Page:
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WASHINGTON, D.C. -- Last week, the U.S. Department of State released its list of Countries of Particular Concern (CPC). This year's list included Burma, China, Cuba, Eritrea, Iran, North Korea, Nicaragua, Pakistan, Russia, Saudi Arabia, Tajikistan, and Turkmenistan. The list, again, notably left off Nigeria which over the past couple of years has seen unprecedented amount of persecution of its Christian population.
In response to the latest CPC list, Family Research Council today released a new report, titled "Countries of Particular Concern: Why This U.S. Foreign Policy Tool Is Often Ineffective and How to Make It Better." The report argues the U.S. Department of State "must do more to 'add teeth' to make the CPC designation more effective at compelling foreign governments to cease persecution." The CPC designation was established by the U.S. federal government through the International Religious Freedom Act of 1998, which mandated the promotion of religious freedom across the globe as an important part of American foreign policy. The release of this resource coincides the State Department's release of this year's CPC list.
The report lays out recommended policies to make the CPC designation more effective, including:
- The State Department should increase publicity of the annual CPC designations.
- The U.S. government should make a greater effort to negotiate an agreement with foreign governments before placing them on the CPC list.
- Congress should consider passing legislation that would assess countries' religious freedom conditions via a three-tier system.
- Human rights advocates and NGO's (Non-Governmental Organizations) must continue to press the State Department to address religious freedom concerns for CPC countries.
- The State Department should utilize waivers less and sanctions more.
- Implement more positive incentives for countries that do not yet meet SWL (Special Watch List) or CPC criteria and are open to improving religious freedom conditions.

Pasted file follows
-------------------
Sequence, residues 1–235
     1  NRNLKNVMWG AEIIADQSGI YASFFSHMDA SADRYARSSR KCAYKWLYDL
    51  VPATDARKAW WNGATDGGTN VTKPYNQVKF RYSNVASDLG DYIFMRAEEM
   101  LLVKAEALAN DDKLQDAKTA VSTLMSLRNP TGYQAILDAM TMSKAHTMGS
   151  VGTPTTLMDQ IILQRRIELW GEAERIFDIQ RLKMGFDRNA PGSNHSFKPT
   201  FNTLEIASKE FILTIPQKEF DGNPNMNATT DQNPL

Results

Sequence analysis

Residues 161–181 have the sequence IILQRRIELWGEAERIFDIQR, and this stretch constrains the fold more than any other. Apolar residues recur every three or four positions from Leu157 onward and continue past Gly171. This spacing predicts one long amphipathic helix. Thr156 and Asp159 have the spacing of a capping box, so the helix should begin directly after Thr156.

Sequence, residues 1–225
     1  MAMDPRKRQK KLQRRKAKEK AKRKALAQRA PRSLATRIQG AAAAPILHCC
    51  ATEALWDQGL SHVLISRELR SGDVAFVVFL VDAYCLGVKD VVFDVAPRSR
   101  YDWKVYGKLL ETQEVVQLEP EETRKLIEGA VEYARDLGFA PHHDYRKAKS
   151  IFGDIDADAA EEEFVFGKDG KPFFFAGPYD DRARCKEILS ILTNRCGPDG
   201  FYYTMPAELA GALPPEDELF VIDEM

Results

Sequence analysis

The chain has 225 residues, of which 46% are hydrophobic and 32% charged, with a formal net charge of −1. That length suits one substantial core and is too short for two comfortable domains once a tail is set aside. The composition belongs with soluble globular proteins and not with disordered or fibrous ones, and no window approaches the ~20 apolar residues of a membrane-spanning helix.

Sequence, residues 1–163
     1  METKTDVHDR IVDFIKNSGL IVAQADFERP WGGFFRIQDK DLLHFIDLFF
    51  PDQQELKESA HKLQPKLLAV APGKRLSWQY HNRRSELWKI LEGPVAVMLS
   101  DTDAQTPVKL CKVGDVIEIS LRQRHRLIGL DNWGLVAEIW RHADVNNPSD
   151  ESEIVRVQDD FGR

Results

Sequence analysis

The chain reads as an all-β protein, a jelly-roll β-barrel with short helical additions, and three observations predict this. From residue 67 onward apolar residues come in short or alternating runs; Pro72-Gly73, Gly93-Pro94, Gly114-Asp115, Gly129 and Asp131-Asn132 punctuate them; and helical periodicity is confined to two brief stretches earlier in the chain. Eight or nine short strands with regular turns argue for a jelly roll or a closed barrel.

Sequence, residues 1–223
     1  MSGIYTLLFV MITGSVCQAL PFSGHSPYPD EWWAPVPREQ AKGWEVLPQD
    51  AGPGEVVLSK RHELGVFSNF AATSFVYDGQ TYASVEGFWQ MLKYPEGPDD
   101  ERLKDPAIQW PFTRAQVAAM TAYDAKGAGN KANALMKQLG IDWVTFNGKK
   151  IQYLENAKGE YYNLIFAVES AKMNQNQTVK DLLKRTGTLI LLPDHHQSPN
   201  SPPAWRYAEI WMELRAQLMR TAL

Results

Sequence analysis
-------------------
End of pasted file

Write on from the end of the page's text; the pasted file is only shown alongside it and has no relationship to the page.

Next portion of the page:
Tony Perkins, FRC president and former chair of the U.S. Commission on International Religious Freedom, commented on the report:
"As we have seen since President Biden took office, religious freedom, whether at home or abroad, is not a priority for his administration. Instead, his administration would rather force radical ideologies on countries that have no interest in his administration's woke cultural imperialism. The Country of Particular Concern designation is an easy way for President Biden to hold foreign governments to a basic standard of religious freedom conditions. Failing to include countries with a horrendous record of persecution, such as Nigeria and India, are glaring omissions. To ignore the record of governments that openly tolerate -- if not endorse -- religious persecution makes it clear that religious freedom is not a priority for the Biden State Department."
Arielle Del Turco, FRC's Assistant Director of the Center for Religious Liberty and author of the report, also commented on the report:
"Given the scale of religious persecution, the issue deserves far more attention than it receives on the world stage. The problem of violence against religious believers is immense and growing. Sadly, the response by democratic governments has been lackluster. The Country of Particular Concern designation gives the U.S. government a unique opportunity to hold the line on religious freedom and put pressure on the world's worst violators of religious freedom. The fundamental right to hold and practice the faith of one's choosing is core to humanity, and U.S. leaders should not hesitate to defend it."
To access the full publication, please visit: frc.org/CPC